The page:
Billionaire investor Carl Icahn sold out of Hertz Global Holdings Inc., the rental-car company that filed for bankruptcy last week, calling off a roughly six-year bet that lost him almost $1.6 billion.
Icahn, 84, sold his entire 55.3 million shares on Tuesday for 72 cents a share, according to a regulatory filing. His holding represented about 39 percent of the company’s stock.
“Hertz has encountered major financial difficulties and I support the board in their conclusion to file for bankruptcy protection,” Icahn said in the filing Wednesday. “Yesterday I sold my equity position at a significant loss, but this does not mean that I don’t continue to have faith in the future of Hertz.”
Icahn’s exit marks the end of what was a tumultuous and disappointing investment. He first took a position in the company in 2014 to agitate for the ouster of then-CEO Mark Frissora, and Hertz is on its fourth CEO since then. When the coronavirus then decimated the travel industry, the company was caught with too much debt accumulated over years of management turmoil and turnaround attempts.
“I believe that based on a plan of reorganization that includes new capital, Hertz will again become a great company,” Icahn said. “I intend to closely follow the company’s reorganization and I look forward to assessing different opportunities to support Hertz in the future.”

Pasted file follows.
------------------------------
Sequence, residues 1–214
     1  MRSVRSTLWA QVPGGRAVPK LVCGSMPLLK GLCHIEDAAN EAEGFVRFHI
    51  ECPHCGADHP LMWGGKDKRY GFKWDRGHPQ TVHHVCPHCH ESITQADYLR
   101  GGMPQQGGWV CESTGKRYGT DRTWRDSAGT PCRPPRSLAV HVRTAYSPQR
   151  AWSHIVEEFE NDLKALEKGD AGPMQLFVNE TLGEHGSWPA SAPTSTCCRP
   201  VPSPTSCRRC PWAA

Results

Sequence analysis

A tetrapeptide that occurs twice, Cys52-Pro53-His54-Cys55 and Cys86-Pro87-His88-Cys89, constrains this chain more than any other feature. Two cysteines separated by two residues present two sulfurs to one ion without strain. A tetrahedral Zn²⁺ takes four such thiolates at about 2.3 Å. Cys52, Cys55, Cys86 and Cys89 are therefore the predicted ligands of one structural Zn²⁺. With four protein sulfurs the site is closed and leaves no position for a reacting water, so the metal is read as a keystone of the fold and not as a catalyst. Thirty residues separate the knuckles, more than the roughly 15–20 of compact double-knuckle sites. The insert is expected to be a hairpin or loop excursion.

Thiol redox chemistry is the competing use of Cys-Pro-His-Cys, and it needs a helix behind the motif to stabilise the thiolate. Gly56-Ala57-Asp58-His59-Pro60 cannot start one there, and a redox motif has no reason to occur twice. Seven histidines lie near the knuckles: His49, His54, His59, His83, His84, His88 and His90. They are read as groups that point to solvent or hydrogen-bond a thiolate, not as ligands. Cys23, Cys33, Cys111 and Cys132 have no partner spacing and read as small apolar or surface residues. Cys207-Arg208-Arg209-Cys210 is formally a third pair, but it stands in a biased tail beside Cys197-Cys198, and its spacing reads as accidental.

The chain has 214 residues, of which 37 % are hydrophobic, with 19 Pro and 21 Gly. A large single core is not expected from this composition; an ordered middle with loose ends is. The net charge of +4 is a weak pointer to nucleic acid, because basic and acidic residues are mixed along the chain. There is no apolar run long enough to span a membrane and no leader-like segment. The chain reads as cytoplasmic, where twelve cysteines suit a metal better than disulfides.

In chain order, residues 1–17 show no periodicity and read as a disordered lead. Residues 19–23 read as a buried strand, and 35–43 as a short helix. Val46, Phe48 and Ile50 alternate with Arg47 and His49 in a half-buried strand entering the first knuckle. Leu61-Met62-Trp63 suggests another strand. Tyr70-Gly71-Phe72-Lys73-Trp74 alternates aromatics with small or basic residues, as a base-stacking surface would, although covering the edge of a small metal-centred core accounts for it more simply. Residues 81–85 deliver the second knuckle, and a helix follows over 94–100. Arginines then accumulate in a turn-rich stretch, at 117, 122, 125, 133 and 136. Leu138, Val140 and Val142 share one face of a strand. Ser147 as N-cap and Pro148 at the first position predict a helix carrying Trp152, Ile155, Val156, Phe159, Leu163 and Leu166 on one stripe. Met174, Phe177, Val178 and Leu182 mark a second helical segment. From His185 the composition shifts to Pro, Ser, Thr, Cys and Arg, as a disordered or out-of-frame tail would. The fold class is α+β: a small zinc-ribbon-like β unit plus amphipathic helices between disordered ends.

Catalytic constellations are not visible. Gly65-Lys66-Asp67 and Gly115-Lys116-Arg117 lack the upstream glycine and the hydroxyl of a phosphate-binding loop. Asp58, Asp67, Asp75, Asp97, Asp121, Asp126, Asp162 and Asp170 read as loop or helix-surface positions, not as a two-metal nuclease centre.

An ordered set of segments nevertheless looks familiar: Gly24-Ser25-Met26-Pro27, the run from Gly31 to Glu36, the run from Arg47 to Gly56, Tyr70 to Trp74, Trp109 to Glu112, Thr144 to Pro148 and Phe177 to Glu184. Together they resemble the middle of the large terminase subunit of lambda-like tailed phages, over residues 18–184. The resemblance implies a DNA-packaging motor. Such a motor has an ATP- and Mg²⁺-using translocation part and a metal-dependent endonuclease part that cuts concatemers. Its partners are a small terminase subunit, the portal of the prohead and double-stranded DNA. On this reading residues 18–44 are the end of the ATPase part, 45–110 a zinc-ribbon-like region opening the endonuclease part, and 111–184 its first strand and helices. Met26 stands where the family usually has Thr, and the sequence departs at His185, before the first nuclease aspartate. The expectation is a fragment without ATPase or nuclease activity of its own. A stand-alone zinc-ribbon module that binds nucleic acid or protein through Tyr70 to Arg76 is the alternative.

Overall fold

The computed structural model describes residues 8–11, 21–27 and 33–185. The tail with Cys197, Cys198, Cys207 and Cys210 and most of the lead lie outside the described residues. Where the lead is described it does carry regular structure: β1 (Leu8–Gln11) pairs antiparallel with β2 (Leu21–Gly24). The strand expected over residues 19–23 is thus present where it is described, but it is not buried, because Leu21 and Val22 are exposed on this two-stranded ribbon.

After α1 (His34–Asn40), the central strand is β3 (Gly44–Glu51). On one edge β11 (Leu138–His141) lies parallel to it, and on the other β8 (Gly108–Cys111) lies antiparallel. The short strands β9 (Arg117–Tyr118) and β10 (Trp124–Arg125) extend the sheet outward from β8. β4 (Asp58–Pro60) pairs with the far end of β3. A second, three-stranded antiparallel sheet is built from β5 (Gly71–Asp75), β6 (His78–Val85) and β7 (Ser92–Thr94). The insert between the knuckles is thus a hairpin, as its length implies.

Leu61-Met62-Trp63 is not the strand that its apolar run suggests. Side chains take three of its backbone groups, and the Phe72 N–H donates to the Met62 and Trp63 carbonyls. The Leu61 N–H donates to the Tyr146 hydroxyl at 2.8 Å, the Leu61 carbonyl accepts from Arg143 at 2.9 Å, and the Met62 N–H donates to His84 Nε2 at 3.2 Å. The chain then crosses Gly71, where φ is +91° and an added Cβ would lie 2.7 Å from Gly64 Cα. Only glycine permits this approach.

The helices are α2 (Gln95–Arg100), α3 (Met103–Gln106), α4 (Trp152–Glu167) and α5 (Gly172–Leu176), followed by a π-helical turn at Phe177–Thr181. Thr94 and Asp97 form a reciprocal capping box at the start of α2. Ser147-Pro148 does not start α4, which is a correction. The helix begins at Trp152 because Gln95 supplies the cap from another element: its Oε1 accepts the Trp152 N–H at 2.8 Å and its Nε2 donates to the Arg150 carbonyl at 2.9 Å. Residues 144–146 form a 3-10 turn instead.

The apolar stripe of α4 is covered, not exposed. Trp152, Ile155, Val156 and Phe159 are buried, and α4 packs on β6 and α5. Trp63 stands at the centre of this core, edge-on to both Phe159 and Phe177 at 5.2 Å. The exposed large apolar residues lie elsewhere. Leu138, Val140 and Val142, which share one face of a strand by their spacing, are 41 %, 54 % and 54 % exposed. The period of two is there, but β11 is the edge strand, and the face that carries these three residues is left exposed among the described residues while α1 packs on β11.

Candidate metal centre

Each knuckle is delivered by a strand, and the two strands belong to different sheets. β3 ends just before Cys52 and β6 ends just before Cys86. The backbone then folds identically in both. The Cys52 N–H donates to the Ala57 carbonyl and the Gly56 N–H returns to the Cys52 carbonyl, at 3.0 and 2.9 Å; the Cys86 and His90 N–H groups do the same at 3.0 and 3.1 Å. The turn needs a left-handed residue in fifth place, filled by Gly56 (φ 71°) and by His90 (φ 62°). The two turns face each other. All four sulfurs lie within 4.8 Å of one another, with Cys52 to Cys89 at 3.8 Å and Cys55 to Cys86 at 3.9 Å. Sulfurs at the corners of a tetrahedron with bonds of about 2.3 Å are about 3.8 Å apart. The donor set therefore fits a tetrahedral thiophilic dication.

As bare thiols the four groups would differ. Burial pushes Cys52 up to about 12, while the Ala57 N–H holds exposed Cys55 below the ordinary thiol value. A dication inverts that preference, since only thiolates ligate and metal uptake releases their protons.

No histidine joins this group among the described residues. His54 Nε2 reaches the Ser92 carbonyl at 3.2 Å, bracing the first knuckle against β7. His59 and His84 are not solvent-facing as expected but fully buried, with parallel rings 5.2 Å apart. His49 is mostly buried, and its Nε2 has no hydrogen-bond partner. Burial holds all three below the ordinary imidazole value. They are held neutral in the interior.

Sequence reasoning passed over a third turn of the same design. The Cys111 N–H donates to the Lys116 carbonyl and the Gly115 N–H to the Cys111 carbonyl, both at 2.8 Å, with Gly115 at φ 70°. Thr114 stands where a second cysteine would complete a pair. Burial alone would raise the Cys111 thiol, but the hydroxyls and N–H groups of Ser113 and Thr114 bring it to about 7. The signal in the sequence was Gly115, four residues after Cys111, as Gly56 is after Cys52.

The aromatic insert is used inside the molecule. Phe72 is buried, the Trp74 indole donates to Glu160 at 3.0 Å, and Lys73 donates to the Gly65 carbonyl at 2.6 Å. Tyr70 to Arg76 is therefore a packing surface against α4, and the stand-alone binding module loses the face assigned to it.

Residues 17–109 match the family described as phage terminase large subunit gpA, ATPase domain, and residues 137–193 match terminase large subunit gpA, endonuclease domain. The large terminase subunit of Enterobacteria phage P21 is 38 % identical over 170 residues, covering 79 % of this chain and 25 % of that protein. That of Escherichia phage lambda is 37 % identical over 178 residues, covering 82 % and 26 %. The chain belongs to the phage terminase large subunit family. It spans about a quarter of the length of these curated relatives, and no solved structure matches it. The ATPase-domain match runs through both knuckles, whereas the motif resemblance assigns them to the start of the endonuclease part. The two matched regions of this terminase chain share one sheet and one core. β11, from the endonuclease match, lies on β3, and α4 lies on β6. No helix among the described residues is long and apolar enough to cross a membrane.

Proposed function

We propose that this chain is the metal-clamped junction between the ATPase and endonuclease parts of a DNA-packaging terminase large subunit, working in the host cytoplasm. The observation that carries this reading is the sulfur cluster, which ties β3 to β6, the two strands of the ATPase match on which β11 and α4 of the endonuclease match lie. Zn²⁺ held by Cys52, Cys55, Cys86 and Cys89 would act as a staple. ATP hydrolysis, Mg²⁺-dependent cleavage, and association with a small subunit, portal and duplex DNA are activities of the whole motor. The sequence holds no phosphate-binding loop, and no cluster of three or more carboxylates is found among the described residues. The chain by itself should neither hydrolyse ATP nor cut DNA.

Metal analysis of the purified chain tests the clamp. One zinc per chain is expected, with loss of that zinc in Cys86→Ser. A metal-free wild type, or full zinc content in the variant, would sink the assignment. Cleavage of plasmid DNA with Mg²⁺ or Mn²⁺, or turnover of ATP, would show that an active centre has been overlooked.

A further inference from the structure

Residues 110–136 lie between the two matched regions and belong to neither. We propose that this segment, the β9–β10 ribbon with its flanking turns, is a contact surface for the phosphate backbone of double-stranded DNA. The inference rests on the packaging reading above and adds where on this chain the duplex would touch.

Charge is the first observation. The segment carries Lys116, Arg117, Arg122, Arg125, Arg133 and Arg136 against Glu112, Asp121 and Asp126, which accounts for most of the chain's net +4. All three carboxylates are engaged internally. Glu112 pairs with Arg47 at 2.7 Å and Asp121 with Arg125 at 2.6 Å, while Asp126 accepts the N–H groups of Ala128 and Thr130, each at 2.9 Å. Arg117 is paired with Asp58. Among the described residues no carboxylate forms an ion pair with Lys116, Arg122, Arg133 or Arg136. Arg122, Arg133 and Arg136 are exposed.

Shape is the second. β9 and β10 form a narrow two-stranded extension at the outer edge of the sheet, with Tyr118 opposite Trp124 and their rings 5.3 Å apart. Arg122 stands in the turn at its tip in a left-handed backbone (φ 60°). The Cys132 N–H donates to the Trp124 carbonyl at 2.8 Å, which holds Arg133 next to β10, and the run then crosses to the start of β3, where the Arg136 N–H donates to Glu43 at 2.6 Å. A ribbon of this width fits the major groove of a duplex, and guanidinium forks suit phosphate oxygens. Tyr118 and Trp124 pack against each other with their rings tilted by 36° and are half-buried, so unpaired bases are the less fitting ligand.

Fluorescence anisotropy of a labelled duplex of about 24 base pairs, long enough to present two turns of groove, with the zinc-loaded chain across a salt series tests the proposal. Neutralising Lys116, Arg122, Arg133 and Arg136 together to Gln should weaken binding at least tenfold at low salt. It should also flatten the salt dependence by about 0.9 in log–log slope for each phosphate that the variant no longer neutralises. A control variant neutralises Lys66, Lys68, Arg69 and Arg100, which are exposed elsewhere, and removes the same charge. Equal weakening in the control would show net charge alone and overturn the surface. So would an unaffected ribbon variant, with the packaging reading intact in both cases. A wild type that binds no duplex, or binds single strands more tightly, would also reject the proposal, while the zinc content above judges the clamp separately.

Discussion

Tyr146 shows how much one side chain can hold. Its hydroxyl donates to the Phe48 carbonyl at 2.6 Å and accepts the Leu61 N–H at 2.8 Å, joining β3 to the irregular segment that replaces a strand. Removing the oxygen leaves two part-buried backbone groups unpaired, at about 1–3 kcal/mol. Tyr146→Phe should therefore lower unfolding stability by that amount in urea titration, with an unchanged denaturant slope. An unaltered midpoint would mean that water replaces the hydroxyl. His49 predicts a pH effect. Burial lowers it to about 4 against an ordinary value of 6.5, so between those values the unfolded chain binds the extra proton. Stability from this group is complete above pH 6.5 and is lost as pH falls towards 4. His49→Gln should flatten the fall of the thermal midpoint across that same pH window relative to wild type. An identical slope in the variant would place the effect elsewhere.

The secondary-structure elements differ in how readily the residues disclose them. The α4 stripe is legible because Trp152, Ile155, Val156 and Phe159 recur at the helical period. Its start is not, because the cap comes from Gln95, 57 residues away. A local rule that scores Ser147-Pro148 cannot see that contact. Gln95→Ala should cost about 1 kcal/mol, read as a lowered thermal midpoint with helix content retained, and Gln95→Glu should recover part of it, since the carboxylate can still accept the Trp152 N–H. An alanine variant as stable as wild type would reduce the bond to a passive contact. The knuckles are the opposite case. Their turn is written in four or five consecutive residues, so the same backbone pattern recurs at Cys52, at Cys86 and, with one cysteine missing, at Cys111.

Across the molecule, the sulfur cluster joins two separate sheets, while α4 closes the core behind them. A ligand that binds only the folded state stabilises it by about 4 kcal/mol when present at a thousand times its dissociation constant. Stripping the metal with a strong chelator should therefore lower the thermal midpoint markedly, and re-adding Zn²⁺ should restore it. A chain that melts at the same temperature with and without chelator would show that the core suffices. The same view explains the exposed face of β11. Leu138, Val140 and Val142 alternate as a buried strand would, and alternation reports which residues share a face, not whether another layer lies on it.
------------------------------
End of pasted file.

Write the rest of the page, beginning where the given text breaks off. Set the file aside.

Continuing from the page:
Icahn wasn’t immediately available for comment.
The on-paper loss Icahn registered from his Hertz stake doesn’t take into account the company’s spinoff of Herc Holdings Inc. in 2016. Icahn’s 15 percent stake in the equipment-leasing company is worth $134.9 million.
Hertz was sold by Ford Motor Co. to private equity funds in a 2005 leveraged buyout and taken public the next year. The company also levered up to buy Dollar Thrifty Automotive Group Inc. in 2012 after a two-year bidding war with rival Avis Budget Group Inc.
“It’s a saga about gross mismanagement,” said Maryann Keller, a longtime auto-industry consultant who was on the board of Dollar Thrifty when Hertz acquired the company. “It could have been salvaged had he picked the right management,” she said, referring to Icahn.